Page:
2018 was a robust year for Thailand’s Sponsorship market, growing 19% year-on-year to US$223.4 million (2017’s total investment was US$188.2 million) and making grounds on reaching its previous (outlier) market peak of US$247.8 million in 2015. Since 2015, the market had been creeping backwards to a recent low of US$187.2 million.

General market health -in GDP terms – for Thailand was generally positive. In November last year, the country forecast a slightly reduced GDP forecast in the mid-4% range for itself for the year.

Back to the Sponsorship market and the leading spending brands are as follows; the Top 10 includes the usual major players, but also some newcomers since ASN last analysed the market in 2016…

2018 (US$)
Toyota  11,749,000
Chang  10,347,050
PTT Petroleum  7,372,000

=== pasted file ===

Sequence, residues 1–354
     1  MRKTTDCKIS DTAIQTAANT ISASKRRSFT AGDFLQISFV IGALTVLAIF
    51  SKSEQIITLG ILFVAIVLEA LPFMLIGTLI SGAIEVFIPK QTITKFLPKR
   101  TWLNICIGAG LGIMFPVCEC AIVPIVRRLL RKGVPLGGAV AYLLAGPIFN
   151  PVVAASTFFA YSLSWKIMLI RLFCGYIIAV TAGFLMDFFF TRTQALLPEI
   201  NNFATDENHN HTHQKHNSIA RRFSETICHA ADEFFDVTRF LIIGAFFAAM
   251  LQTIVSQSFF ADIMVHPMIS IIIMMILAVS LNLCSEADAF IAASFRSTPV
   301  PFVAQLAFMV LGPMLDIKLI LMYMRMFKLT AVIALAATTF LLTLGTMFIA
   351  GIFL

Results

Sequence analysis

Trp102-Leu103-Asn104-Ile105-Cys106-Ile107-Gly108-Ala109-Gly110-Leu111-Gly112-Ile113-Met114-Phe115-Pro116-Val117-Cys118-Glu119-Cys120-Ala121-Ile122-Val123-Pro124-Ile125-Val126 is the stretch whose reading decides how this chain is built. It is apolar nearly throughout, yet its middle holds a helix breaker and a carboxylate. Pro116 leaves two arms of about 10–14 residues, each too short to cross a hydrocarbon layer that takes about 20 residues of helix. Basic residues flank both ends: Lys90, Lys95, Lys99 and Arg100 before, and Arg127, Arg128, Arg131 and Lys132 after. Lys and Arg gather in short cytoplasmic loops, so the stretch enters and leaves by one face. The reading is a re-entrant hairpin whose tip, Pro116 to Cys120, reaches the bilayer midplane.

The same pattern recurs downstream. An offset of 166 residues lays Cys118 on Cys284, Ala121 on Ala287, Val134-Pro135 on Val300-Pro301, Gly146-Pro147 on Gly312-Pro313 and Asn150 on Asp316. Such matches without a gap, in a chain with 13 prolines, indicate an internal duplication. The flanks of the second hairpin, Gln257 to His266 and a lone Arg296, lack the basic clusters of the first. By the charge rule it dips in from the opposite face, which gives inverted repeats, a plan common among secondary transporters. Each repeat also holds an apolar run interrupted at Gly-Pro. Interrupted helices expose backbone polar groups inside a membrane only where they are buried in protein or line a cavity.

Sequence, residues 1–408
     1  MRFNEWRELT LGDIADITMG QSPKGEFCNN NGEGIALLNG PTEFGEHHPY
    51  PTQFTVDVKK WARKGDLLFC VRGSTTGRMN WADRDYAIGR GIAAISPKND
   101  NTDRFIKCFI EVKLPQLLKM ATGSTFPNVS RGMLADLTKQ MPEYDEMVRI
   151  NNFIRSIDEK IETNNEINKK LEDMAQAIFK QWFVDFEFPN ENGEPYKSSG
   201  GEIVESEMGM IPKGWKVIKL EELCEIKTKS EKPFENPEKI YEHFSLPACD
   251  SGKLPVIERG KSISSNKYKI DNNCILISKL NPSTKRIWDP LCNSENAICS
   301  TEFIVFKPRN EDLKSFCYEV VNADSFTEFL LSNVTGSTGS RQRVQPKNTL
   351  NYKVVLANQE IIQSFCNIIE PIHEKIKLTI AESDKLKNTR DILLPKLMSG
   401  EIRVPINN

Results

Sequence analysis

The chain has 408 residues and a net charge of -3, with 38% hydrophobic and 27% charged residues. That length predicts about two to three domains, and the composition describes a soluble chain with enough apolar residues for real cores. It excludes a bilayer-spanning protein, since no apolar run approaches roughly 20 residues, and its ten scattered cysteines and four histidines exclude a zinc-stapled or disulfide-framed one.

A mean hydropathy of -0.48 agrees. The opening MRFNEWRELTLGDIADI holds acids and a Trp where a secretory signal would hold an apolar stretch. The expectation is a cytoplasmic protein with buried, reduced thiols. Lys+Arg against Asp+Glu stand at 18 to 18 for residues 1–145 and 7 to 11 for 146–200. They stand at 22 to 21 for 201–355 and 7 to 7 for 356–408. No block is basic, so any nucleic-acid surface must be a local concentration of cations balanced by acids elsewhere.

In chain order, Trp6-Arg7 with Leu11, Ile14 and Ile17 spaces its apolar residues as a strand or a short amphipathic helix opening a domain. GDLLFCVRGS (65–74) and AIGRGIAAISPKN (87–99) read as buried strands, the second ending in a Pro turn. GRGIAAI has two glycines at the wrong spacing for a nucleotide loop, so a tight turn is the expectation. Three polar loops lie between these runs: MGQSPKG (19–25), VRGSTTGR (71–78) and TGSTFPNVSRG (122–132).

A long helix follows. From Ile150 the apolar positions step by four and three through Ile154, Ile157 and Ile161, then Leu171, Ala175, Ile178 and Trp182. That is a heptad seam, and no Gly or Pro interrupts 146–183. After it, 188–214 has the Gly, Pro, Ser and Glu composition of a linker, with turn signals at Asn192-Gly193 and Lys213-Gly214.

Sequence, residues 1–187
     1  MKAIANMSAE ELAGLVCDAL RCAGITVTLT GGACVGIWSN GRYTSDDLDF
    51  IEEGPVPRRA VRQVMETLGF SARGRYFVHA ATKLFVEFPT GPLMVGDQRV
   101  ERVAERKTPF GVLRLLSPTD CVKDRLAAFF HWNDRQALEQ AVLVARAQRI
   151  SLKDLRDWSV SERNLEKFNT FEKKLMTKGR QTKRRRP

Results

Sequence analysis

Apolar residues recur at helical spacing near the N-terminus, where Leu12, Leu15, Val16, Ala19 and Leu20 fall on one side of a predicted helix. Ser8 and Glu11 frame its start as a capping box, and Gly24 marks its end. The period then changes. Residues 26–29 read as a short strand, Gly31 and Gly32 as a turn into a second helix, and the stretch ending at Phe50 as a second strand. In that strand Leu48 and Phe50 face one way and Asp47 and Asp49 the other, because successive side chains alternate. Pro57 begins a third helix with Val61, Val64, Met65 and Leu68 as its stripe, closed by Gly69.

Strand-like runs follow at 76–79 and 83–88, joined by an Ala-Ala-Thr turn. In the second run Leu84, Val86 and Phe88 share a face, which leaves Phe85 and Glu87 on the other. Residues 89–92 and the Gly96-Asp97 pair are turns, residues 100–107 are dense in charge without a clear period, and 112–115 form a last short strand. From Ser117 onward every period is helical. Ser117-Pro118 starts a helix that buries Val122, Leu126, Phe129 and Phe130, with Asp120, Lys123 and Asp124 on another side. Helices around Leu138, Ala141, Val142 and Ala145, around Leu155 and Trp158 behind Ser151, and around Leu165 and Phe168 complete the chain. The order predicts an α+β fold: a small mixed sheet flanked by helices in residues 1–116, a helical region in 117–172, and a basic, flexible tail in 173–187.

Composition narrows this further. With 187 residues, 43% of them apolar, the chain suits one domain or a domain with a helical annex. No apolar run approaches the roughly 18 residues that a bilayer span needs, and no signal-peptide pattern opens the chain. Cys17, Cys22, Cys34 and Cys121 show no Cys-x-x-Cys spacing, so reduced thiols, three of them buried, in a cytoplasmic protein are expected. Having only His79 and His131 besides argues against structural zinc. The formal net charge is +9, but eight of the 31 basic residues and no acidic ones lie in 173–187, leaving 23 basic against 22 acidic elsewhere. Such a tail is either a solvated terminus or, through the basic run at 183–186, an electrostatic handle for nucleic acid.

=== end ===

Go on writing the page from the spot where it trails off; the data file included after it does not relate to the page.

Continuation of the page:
Singha  6,935,525
PTT Group  5,573,000
Tourism Authority of Thailand  5,532,000
Thai Beverage Plc  5,173,050
Adidas  5,075,000
Pepsi  5,065,000
Carabao  4,389,000

These 10 brands contributed almost 30% of the total investment in this Southeast Asian market.

In terms of the movers and shakers within the Top 10, versus 2016…

  • Toyota was 4th spending US$6.8 million
  • Chang was 1st with US$14.4 million
  • AIA was 2nd, Its dramatic fall caused by the cessation of its Thai Umbrella Football Club partnership, with the FAT, in 2017
  • Carabao and Adidas are newcomers for 2018

Then there are the broader market dynamics that moved the needle – across the various ways to slice ASN’s market data: